Tuesday, August 23, 2011

The international Sovereign Depts Crisis

Internationalists Communists Klasbatalo havin't any organisational links with the Internationalist Communist Tendency and don't agree with all its political positions. As well we've reprinted this article because it's important for our class.

Internationalists Communists Klasbatalo

2011 August


The international Sovereign Depts Crisis

After the sub-prime crisis it is now the turn of sovereign debt. Bourgeois analysts have rushed to condemn the present serious situation as market madness. Actually the real madness is the entire global capitalist system which is agonisingly debating its own incurable contradictions. The so-called markets are nothing but a dozen or so international banks and financial centres. They speculatively “administer” something like 600 thousand billion dollars a year, equal to 12 times global GDP. This is a mass of fictitious capital which moves every day to the four corners of the earth in search of an immediate economic advantage with the aim of generating more capital to reinvest in other speculative activities like a sort of chain letter where you can see the chain. Money in itself cannot produce more money (except fictitious it should be noted) unless it is productively invested through the wage labour-capital relationship. Speculation, whatever form it takes, does not produce new value but represents only the transfer of value that has already been produced.

This phenomenon is not new to capitalism but it has grown exponentially in the last few decades simply because real production is facing a crisis of profitability which makes it difficult for the accumulation mechanism to operate. What has been universally defined as a financial crisis is really an economic crisis whose origins lie in the increasing difficulty of capitalism to survive with an ever lower rate of profit which is less and less remunerative for investment. The profits crisis has prompted an ever- increasing amount of capital to detach itself from production in search of the false prospect of valorisation through speculation, shifting the problem from the productive to the speculative sector. This in turn — after causing a series of burst financial bubbles — has returned to the world of real production, worsening the very precarious condition which launched the perverse speculative mechanism in the first place. This is the context in which the crisis of sovereign debt was born and raised and which, with different levels of intensity, engulfs all the major capitalist states.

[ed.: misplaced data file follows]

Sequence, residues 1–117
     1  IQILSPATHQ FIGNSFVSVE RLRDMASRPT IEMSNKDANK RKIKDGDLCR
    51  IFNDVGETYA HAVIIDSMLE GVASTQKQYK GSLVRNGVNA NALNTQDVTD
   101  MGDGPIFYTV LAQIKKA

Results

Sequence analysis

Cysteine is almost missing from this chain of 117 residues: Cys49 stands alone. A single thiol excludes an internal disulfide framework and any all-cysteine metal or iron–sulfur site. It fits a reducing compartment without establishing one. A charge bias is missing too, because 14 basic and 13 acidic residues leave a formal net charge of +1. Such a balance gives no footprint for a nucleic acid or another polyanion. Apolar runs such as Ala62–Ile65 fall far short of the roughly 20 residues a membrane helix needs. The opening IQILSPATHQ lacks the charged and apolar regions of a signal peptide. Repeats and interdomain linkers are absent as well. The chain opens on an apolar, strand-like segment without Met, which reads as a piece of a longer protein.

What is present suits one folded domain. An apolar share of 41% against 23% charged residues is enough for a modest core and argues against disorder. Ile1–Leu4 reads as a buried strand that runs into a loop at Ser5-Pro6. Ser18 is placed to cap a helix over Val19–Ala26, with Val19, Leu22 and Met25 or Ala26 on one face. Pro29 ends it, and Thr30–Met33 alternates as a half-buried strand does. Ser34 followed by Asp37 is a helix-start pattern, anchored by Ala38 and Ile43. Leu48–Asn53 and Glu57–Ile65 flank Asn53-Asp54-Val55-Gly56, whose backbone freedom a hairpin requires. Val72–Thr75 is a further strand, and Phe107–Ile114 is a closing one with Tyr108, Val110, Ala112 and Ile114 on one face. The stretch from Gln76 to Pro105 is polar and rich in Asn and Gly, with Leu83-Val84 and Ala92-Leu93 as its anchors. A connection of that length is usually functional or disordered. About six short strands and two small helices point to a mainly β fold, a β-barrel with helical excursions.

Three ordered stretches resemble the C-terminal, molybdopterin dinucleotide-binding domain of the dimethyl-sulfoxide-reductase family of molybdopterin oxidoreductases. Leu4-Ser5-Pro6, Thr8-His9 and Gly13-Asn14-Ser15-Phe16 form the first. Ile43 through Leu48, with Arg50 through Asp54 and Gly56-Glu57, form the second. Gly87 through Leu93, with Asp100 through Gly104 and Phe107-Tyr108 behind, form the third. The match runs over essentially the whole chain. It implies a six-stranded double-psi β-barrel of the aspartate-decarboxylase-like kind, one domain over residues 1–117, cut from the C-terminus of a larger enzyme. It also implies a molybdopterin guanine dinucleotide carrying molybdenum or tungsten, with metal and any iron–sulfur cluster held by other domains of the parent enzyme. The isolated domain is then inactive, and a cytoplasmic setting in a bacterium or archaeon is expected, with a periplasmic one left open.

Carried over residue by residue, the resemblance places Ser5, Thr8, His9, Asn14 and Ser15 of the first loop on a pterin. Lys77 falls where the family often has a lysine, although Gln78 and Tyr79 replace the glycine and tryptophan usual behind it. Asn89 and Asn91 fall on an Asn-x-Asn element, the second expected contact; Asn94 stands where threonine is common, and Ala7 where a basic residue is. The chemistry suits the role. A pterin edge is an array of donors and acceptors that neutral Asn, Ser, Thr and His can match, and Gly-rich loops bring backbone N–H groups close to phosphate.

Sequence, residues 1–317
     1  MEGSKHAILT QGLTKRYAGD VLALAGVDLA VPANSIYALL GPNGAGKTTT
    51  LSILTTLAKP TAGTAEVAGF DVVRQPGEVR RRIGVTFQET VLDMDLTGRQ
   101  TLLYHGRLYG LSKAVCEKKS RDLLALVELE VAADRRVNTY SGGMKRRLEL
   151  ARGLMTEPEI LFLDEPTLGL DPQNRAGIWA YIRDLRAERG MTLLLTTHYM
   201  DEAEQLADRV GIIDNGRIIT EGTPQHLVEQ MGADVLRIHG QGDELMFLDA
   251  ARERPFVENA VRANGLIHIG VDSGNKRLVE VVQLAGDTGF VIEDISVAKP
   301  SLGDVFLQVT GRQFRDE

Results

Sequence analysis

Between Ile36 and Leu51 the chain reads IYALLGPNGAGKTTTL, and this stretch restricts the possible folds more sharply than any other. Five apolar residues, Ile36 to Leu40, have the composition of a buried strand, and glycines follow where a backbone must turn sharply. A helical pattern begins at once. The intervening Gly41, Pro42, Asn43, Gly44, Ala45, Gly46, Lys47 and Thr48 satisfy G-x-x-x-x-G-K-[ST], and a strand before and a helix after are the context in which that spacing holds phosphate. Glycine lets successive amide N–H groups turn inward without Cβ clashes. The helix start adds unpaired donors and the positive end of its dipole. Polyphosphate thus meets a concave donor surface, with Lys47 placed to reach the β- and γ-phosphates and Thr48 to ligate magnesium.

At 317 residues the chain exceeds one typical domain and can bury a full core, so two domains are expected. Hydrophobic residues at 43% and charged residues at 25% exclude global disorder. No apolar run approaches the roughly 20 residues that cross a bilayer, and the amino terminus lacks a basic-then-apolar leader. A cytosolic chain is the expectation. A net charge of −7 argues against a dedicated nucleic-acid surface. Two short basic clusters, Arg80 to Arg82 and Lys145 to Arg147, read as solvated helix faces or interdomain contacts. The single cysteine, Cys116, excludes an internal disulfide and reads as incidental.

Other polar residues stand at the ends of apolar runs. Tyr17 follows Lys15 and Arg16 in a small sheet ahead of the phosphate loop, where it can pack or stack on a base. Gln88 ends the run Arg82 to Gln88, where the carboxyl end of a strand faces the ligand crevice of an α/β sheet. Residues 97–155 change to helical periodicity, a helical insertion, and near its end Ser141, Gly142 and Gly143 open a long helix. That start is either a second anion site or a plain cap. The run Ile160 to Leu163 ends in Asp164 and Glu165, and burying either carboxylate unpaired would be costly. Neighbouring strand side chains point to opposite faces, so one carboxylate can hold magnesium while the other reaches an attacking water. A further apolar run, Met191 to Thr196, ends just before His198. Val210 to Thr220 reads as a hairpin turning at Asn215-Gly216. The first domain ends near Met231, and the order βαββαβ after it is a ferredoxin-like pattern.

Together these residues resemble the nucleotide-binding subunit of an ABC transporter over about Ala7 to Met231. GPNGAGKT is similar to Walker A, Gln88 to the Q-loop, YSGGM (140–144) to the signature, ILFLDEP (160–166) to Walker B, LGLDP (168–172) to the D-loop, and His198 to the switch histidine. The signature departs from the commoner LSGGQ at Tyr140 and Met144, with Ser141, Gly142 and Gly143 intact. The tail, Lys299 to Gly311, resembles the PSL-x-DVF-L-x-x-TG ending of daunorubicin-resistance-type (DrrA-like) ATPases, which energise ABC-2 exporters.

Sovereign debt, or rather public debt — in other words the debt that the state contracts with national and foreign subscribers in order to finance it own activities — is so much greater the more the state has to intervene to support the national economy. In the last few decades, besides the normal financing of public affairs, sovereign debt has had to provide for the failures which the progressive decline in the rate of profit has wrought on enterprises in both the private and public sphere. When the crisis then broke out in the financial sphere the public debt had to shoulder the burden of restoring the health of the banks and institutions directly involved in the crisis. It meant a sort of nationalisation of finance way beyond state support for some of the giants of private enterprise like the engineering section of the motor manufacturers.